Sometimes Autumns can be harsh with their constant rain and strong winds causing dry leaves to fall, that can cover pathways and block gutters.
Still, leaves are not as dangerous as dry branches and dead wood. Certain conditions during summer and winter can negatively affect trees. For instance, wild storms during the summer usually weaken the branches and tree roots. However, during the winter, the weight of snow and ice can produce also produce damage, resulting in falling of branches and even of entire trees.
When branches start falling, they can easily crash through windows and damage your rooftop. On the other hand, when the whole tree goes down, it can destroy sheds, and even turn walls into pieces. But nothing of that compares to the serious injuries they can inflict on people.
Overhanging trees that are located on roadsides and on the edges of properties can also wreak serious havoc. Broken branches can be swept up by the wind and thus damage vehicles, homes and businesses.
Unfortunately, many home owners and even business owners are still not familiar with their legal position when it comes to the damage caused by falling trees. In Ireland, such occurrences are very common which lead to a high number of compensation claims being filed.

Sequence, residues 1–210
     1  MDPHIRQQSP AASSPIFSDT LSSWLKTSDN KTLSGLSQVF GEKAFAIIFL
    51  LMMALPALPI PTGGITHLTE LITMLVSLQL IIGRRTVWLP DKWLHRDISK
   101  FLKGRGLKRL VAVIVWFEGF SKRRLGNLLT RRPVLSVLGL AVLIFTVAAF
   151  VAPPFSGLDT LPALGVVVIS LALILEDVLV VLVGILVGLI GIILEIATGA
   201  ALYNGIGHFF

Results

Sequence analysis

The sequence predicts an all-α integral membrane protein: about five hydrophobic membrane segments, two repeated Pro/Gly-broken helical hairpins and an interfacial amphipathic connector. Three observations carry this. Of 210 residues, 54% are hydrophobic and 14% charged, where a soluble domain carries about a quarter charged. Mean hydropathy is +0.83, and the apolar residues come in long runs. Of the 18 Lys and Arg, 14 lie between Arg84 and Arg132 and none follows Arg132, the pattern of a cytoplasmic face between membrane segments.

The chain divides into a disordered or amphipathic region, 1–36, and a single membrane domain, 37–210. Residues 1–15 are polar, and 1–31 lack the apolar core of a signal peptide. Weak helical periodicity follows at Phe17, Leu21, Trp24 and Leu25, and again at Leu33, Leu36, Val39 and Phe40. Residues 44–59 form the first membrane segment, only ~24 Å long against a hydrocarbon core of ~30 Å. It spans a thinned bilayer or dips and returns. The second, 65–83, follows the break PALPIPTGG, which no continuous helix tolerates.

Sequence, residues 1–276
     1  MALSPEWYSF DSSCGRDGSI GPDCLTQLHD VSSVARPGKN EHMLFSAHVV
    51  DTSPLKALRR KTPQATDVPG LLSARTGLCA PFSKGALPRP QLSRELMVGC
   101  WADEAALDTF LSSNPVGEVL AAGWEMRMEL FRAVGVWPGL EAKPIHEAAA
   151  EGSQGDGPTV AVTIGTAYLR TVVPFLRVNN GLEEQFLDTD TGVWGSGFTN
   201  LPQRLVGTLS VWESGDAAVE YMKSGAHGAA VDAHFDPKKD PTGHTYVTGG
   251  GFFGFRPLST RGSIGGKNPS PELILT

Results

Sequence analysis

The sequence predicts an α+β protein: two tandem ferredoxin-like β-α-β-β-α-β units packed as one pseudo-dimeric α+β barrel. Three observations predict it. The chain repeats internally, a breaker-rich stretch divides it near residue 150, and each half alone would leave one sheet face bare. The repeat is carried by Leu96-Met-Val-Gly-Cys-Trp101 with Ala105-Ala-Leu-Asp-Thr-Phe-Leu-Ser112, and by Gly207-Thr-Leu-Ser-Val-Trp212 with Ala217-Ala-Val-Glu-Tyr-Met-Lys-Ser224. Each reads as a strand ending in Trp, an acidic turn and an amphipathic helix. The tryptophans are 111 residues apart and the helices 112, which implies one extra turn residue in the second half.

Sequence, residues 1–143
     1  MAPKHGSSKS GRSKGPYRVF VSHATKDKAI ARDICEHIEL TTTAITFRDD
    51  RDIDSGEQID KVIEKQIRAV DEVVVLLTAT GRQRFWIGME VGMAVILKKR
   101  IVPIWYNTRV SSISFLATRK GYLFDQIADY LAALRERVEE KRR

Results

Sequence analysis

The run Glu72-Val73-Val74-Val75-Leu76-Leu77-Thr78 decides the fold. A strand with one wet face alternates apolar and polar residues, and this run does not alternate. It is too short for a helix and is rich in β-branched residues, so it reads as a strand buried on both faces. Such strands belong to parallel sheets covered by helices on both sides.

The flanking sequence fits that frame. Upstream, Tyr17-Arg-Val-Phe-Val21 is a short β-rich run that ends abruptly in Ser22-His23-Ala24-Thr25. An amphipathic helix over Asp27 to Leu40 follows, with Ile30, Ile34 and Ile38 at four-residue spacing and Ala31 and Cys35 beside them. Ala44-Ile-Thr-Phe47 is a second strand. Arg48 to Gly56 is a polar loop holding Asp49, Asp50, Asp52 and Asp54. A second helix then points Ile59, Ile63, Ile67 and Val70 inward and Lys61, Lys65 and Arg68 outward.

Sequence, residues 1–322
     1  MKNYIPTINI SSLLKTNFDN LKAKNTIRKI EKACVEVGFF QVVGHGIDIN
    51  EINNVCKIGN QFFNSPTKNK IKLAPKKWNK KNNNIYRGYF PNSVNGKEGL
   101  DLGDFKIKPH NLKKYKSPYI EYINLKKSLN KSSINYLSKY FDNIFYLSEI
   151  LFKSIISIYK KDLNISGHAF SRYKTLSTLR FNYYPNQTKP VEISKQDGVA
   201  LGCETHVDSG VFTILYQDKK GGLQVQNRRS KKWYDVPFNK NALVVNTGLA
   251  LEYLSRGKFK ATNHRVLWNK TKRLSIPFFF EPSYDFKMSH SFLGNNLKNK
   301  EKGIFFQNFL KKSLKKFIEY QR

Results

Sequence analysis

Basically, you are responsible for the trees that are located on your property and for any possible loss or damage caused by those trees.
In most circumstances, the legislation regarding these types of cases is quite straightforward. For example, if you as an owner knew that your tree was damaged, rotting or dead before the damage was caused, you will be the one held responsible. Measures should always be taken in a timely manner, and all trees that pose a threat to their surroundings should be either removed or secured.
That is why everyone who has trees located on their properties should always take preventive steps in order to identify dangerous tree conditions and minimise or completely avoid potential damage caused by them.
When winter approaches, you should always take some time to prepare your home, your garden and also the trees that are in it. The late Autumn and early Winter months are perfect for that simply because there will be no leaves to cover up the trees allowing you to see potential hazards like dry branches for example.
Another great reason for doing this is that the sap will not bleed from the tree if any surgery needs to be conducted during the winter. That means that your tree will grow normally when Spring arrives.